Fox News' Dana Perino falsely claimed that the Affordable Care Act would be responsible for deepening income inequality in the United States and would hurt low-income families.
The co-hosts of Fox News' The Five attacked the ACA on the last day of open enrollment in the law's health care exchanges. Amid reports that a last-minute surge had brought enrollment over 6 million people, Perino declared that the law "exacerbates income inequality" and will "end up hurting low-income people":
PERINO: My big concern from the beginning on this, on the bigger picture Tom that you were talking about, is actually how it exacerbates income inequality. And it actually will end up hurting low-income people a lot more because as we've seen in the last few weeks you have more and more doctors deciding not to take insurance at all and not to take Medicaid patients, and they're not going to be told that they have to.
Perino's claim is absurd for a number of reasons. A January 2014 study by the Brookings Institution found that the Affordable Care Act will boost the incomes of Americans in the second-lowest income decile by more than 5 percent and those in the bottom income decile by more than 7 percent:
Perino's suggestion that the ACA will cause doctors to refuse Medicaid patients is also dubious. The ACA expands Medicaid eligibility for adults with incomes at or below 138 percent of the federal poverty level. The Urban Institute and Robert Wood Johnson foundation estimated that the expanded eligibility meant that about 15.1 million uninsured adults could gain coverage. The ACA also increases certain payments to health care providers, a change that Wonkblog pointed out could "entice more providers to participate":
That could mean that the states with the highest likelihood of expanding Medicaid might be those with the lower reimbursement rates - and fewer doctors willing to accept these patients by proxy. That could prove true in a state like California, where 1.8 million residents are expected to gain coverage - but fewer than 60 percent of providers accept new patients in the program.
It could also speak to the importance of some of the payment increases in the Affordable Care Act. The law increases Medicaid reimbursements for primary care doctors to match those of Medicare providers. That means that everyone on the right side of this chart will move over to the left. And that could entice more providers to participate. Decker estimates using this data set that it would raise the Medicaid participation rate to 78.6 percent, an 8.6 percent increase from where it stood in 2011.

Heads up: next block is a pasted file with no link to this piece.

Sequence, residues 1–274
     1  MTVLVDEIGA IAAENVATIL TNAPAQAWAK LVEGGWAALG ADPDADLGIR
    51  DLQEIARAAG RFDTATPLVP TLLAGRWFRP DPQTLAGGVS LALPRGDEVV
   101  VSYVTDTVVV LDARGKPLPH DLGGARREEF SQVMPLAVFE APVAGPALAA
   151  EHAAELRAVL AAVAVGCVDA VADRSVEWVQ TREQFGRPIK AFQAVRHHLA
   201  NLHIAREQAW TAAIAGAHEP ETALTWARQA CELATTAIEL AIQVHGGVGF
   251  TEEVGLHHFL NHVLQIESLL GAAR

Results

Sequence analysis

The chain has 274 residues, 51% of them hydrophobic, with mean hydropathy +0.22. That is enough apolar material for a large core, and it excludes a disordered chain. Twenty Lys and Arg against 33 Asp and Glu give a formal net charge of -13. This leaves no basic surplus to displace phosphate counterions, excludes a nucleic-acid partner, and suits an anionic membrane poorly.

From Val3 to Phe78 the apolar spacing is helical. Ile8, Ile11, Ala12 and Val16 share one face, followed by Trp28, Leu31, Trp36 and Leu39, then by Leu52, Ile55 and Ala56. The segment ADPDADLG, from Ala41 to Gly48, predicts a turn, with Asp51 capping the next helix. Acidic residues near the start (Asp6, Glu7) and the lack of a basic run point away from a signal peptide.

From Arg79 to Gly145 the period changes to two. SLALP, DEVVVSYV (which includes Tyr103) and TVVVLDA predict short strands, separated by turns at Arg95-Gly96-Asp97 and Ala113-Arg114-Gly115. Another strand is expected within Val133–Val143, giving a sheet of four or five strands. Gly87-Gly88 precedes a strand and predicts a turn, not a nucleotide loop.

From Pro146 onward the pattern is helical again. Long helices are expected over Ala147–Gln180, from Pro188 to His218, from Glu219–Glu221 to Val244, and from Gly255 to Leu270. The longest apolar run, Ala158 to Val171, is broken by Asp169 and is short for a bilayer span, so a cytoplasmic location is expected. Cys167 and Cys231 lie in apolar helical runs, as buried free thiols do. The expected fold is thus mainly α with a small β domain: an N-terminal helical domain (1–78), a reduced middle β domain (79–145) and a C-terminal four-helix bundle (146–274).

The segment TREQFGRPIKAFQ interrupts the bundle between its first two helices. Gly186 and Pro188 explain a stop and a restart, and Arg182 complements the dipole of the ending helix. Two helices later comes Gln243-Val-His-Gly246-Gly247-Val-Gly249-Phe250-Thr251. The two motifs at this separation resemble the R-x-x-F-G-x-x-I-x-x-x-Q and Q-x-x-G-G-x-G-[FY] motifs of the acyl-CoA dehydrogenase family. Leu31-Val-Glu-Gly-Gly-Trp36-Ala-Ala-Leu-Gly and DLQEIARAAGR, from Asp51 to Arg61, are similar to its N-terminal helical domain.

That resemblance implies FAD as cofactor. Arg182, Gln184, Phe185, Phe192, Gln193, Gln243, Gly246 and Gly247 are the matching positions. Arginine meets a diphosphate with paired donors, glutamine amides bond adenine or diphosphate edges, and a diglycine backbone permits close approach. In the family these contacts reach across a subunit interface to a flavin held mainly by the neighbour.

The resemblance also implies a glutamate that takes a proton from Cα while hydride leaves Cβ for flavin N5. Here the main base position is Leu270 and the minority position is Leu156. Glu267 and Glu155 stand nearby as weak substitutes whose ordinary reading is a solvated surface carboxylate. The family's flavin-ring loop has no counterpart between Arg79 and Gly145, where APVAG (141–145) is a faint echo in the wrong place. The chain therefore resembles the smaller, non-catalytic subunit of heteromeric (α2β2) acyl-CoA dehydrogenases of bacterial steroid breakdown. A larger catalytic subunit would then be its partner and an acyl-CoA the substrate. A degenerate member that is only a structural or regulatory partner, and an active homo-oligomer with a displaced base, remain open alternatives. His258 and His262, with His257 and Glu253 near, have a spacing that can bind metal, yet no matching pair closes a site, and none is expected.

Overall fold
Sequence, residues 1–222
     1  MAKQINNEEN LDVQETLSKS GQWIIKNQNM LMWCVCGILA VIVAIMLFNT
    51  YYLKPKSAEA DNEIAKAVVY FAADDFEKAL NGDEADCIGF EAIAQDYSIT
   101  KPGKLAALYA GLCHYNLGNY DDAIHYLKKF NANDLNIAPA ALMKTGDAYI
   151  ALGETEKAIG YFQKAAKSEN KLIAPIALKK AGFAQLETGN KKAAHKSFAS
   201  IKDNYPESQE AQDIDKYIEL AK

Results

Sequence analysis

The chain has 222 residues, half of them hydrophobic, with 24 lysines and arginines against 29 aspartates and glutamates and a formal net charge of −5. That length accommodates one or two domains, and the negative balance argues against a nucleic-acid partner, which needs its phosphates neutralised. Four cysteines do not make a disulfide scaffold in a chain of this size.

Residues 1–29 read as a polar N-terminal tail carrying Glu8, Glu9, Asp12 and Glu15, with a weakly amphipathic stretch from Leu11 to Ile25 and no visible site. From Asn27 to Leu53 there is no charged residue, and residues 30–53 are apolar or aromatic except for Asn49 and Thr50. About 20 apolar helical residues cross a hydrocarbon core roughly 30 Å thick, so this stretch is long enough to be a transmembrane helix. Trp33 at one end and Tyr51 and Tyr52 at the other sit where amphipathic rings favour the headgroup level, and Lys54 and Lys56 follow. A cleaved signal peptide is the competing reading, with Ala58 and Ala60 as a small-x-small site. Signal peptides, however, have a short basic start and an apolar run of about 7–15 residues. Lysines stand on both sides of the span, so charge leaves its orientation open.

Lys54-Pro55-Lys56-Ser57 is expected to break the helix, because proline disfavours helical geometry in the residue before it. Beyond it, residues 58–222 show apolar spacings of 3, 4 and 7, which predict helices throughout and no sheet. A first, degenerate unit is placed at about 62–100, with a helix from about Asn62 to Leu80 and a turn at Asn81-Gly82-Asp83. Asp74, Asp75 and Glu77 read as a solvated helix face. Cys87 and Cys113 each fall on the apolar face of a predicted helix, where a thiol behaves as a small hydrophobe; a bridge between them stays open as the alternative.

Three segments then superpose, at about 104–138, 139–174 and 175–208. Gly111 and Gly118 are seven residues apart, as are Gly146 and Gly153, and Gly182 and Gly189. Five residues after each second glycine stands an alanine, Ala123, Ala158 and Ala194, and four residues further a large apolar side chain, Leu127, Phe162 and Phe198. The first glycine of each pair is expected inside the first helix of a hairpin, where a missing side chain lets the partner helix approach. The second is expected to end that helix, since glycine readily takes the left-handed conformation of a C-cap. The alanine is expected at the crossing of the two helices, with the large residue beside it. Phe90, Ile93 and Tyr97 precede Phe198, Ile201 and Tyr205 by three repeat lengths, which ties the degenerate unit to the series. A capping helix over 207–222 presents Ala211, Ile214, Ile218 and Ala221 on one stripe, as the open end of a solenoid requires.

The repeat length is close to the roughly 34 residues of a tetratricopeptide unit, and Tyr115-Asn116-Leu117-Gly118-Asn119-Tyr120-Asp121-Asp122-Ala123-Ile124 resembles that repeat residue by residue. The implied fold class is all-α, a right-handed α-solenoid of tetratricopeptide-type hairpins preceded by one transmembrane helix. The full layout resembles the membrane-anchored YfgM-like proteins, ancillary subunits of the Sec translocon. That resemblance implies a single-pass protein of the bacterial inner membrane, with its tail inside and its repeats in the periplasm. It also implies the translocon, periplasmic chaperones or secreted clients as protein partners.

From the March 31 edition of Fox News' Your World:
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Right-wing media's last-ditch attempts to discredit the Affordable Care Act went off the rails as the end of open enrollment approached, from denying the law's basic premise of increasing access to health coverage through private companies to complaining that the law has become too successful.
March 31 marks the end of the ACA's open enrollment deadline -- the date by which individuals must enroll in a Qualified Health Plan in the ACA's exchanges for 2014. Enrollment numbers have reportedly surpassed the 6 million estimate, and early returns have suggested enrollment numbers may reach the administration's original estimate of 7 million sign-ups.
As the open enrollment period comes to a close, right-wing media haven't taken the continued enrollment surge well, desperately pushing debunked myths and trying to spin the positive numbers in last-ditch attempts to discredit the law.
Here are some of their best efforts:
The Wall Street Journal is so excited about a lawsuit that could gut the Affordable Care Act (ACA) that it has dedicated two editorials to lauding the challenge in the past week.
On March 25, the D.C. Circuit Court of Appeals heard oral arguments in Halbig v. Sebelius, a right-wing lawsuit based on a far-fetched anti-ACA theory that could make it impossible for some consumers to obtain tax credits from the federal government to purchase health insurance. The editorial board of the WSJ considers this counterintuitive goal of a law meant to make insurance affordable the "faithful interpretation of the statute."